The Hype, The Fame, The Fortune: Understanding the Complexity of Modern Day Athletes

We like to think of our favorite professional sports stars as super human. Reassessing that philosophy may go a long way in understanding the modern professional athlete.

Alex Rodriguez fields questions from the New York media.

Yankee fans seem to recognize that the “high pressure, high incentive” environment of pro sports encouraged Alex Rodriguez to take steroids.
(Photo courtesy of New York Post)

Ancient Greek civilization is remembered, among other things, for Greek Mythology, a collection of teachings and myths which commonly documented the accomplishments of gods and heroes. Of these mythological characters, Hercules was one of the most famous and widely beloved in Greek culture. Hercules was known for great courage, and the stories of his triumphs over seemingly insurmountable foes have been retold century after century.

In 2015, there is no modern day Hercules. The art of mythological storytelling has long been overlooked as a means to create an image of humanity that we can hope to aspire to. Instead, we have begun to look inward for our idols, placing responsibility on other men and women to be the model citizens we all hope to be. This phenomenon has become increasingly common in sports, where figures like LeBron James, Tom Brady, and Alex Rodriguez have evolved from athletes, to global icons.

At first glance, there is nothing glaringly wrong with this growing trend. In some ways, these athletes, and many more like them, typify the sacrifices required to reach the top of any profession. Their work ethic can set an example for others to follow, regardless of the dreams that one holds.

We expect perfection, when it is human nature to be flawed. We ask them to compete with integrity amid a world rife with political and economic turmoil. Individually, how many of us can truly say that we have not bent the truth in a pinch, found a leg up in the classroom, or even played a simple pick-up basketball game with perfect integrity?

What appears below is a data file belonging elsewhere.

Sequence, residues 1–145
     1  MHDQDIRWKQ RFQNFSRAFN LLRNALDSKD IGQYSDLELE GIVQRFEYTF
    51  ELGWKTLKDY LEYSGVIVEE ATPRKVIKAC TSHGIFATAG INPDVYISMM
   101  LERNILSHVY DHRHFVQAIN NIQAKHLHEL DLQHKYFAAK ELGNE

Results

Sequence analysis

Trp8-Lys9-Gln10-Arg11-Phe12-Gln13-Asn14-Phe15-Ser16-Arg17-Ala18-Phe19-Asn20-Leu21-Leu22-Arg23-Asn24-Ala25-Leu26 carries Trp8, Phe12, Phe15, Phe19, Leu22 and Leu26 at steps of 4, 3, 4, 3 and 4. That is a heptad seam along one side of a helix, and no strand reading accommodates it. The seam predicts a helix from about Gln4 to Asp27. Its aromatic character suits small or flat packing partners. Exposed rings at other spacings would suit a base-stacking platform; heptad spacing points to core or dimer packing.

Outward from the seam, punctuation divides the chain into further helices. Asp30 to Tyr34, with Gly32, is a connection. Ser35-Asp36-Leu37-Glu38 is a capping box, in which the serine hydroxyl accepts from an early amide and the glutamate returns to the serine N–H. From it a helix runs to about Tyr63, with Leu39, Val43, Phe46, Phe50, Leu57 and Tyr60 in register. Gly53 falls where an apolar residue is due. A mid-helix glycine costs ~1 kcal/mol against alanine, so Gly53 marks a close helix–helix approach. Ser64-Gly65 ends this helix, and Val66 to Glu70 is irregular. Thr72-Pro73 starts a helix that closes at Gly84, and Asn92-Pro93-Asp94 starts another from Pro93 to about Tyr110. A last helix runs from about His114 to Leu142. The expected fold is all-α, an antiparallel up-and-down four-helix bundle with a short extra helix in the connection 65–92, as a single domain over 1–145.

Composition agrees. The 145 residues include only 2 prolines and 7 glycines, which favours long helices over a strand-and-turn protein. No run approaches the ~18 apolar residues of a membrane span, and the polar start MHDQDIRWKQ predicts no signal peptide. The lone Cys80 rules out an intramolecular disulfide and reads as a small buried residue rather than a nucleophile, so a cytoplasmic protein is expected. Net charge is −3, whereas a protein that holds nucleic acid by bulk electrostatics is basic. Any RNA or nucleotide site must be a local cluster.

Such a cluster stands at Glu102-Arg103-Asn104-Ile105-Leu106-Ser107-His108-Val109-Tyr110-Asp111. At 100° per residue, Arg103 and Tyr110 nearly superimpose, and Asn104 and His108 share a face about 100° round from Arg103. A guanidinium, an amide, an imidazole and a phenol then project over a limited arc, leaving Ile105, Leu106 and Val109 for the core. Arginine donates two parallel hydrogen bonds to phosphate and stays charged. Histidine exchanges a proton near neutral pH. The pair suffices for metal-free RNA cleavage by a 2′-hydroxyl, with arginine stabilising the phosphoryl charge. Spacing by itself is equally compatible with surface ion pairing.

Unfortunately, all too frequently athletes fail to live up to the lofty expectations that society has set for them. Most recently, Tom Brady was vilified for knowing (“more likely than not”) that eleven of the twelve footballs used by the New England Patriots during the AFC Championship game were inflated slightly below the regulation weight. In the aftermath of this news, which included a four game suspension to begin the 2015 NFL season, public opinion against Brady and the Super Bowl winning Patriots became as dividing as our politics. Rush Limbaugh, the right-wing radio commentator, found a need to dedicate an entire show to the discussion, and Keith Olbermann, the uber-opinionated ESPN journalist even went so far as to argue that Brady should be suspended for a year.

Elsewhere in the sports landscape, Alex Rodriguez of the New York Yankees, has been living in baseball purgatory following a one year suspension for his use of Performance Enhancing Drugs. Stuck somewhere on the fringes of sports society lies Rodriguez, where neither fan nor media outlet, has any idea of how to handle his rollercoaster story. Instead, we have chosen to largely ignore Rodriguez’s transgressions, and his relatively successful return to the Yankees line-up in 2015. Despite climbing the record books in significant offensive categories like home-runs, Runs Batted In, and most recently joining the 3,000 hit club, his accomplishments have gone oddly overlooked.